This same division fo the Second District had already considered this issue in 2008 in the context of the criminal restitution case: People v. Bergin (2008) 167 Cal. App. 4th 1166. The holding in Bergin was that “an award of damages for past medical expenses in excess of what the medical care and services actually cost constitutes overcompensation.” The penal code section at issue required the offender to fully compensate the victim for economic losses “incurred” as a result of the criminal activity. Cal. Penal Code section 1202.4(f)(3). The amount “incurred” was considered the amount of money actually paid for the medical care provided for purposes of deciding what restitution was required from the offender. As the word “incurred” is found in both statutes, this court logically construed the word identically and therefore reached the same conclusion.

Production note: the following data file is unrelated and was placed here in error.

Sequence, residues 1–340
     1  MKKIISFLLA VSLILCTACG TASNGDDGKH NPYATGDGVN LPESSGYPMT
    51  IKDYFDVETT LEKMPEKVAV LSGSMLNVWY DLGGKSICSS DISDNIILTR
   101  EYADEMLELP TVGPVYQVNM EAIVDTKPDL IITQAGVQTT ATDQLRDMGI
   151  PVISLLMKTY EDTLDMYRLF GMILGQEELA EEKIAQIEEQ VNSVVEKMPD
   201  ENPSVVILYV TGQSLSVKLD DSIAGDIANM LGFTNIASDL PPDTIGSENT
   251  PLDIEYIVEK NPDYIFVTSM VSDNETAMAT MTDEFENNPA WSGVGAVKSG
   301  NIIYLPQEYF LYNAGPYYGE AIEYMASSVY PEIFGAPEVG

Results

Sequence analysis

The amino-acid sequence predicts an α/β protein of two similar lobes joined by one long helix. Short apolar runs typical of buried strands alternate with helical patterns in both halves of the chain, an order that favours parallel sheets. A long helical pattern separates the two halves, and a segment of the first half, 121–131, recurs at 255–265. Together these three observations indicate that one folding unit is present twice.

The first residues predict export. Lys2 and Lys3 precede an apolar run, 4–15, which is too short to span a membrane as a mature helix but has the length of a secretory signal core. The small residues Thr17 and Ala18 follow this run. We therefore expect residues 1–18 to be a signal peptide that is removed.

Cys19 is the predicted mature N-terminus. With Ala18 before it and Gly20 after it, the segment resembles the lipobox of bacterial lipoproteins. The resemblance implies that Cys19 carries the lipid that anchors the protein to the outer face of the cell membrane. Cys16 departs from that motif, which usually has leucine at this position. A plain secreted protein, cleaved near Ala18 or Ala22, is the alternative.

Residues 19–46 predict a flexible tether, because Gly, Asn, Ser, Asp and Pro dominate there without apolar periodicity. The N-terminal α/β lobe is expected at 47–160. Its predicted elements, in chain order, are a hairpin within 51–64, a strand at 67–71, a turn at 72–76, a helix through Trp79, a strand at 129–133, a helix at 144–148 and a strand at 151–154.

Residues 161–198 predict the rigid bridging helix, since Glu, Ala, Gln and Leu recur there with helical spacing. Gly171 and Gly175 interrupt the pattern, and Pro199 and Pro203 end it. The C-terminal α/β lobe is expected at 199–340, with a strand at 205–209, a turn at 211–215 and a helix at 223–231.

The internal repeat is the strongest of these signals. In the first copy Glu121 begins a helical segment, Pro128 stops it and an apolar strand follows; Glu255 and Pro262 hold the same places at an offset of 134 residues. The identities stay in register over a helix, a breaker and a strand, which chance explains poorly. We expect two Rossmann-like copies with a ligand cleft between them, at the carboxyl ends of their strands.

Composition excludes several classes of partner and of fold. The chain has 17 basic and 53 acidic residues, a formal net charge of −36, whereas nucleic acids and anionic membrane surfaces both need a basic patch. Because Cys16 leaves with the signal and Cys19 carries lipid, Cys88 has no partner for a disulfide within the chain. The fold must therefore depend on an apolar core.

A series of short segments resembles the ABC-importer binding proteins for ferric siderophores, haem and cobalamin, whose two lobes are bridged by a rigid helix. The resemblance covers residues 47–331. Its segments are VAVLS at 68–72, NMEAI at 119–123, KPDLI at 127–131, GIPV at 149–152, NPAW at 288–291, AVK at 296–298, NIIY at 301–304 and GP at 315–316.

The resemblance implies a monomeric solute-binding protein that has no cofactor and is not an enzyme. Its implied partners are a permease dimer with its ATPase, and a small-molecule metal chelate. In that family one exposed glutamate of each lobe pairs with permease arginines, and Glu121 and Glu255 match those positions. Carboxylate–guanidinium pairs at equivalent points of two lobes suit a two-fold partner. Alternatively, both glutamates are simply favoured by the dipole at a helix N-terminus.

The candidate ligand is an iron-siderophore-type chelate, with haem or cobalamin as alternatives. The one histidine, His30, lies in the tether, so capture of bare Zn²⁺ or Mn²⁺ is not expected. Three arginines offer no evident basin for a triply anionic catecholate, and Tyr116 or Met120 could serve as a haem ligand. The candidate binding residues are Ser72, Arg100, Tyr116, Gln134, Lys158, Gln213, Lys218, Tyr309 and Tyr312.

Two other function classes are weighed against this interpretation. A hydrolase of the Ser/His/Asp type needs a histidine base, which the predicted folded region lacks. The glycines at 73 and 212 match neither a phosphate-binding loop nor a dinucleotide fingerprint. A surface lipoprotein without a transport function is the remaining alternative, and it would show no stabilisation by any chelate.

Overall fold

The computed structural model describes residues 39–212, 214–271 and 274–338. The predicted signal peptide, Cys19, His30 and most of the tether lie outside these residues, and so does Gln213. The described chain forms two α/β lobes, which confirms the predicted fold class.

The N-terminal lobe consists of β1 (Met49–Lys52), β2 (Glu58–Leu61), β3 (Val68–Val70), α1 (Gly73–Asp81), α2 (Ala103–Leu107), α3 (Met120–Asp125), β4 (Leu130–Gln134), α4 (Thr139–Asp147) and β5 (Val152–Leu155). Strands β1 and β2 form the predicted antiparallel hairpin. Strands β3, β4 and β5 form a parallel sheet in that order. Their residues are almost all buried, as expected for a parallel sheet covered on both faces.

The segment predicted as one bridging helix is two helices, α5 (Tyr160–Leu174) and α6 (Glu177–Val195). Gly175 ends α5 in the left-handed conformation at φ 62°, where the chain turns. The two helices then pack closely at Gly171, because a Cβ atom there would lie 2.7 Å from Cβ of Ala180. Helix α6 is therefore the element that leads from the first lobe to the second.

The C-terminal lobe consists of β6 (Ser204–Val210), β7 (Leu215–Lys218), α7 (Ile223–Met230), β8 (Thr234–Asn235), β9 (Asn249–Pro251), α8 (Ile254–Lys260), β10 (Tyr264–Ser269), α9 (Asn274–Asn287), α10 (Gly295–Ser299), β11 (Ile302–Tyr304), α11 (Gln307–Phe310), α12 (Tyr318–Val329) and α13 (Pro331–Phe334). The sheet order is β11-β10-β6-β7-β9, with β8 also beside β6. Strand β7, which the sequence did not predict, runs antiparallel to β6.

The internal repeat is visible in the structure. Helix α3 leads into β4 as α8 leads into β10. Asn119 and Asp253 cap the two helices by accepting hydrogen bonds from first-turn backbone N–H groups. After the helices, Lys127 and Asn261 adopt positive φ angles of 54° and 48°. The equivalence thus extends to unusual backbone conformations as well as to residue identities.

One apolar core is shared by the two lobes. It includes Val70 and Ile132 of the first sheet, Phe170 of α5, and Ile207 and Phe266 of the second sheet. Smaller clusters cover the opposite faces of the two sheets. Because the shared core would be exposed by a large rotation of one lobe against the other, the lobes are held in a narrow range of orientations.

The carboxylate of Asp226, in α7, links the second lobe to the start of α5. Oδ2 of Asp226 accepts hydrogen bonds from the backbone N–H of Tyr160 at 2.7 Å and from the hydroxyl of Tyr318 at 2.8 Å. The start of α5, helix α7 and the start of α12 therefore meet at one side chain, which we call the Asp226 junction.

CONCLUSION

The string of recent appellate cases favoring the plaintiff’s position on this issue has been broken with Cabrera. For those keeping score, the First, Third and Fourth districts have pro-plaintiff decisions, and the Second district has a pro-defense position. Howell is set to be decided this year.

In the meantime, uncertainty reigns, which makes the analysis of past economic losses an inexact science at best. This uncertainty can assist in having a reasonable discussion with the other side in order to achieve a just settlement of cases where past medical expenses are a significant value driver of the case.

                        author

Robert Tessier

Robert Tessier is a California attorney  since 1986 and co-founded CEDRS, an organization committed to helping businesses succeed by preventing and resolving commercial disputes. He earned his law degree in 1986 from Pepperdine University School of Law, with  honors. Mr. Tessier is a lifelong resident of Los  Angeles. He attended… MORE >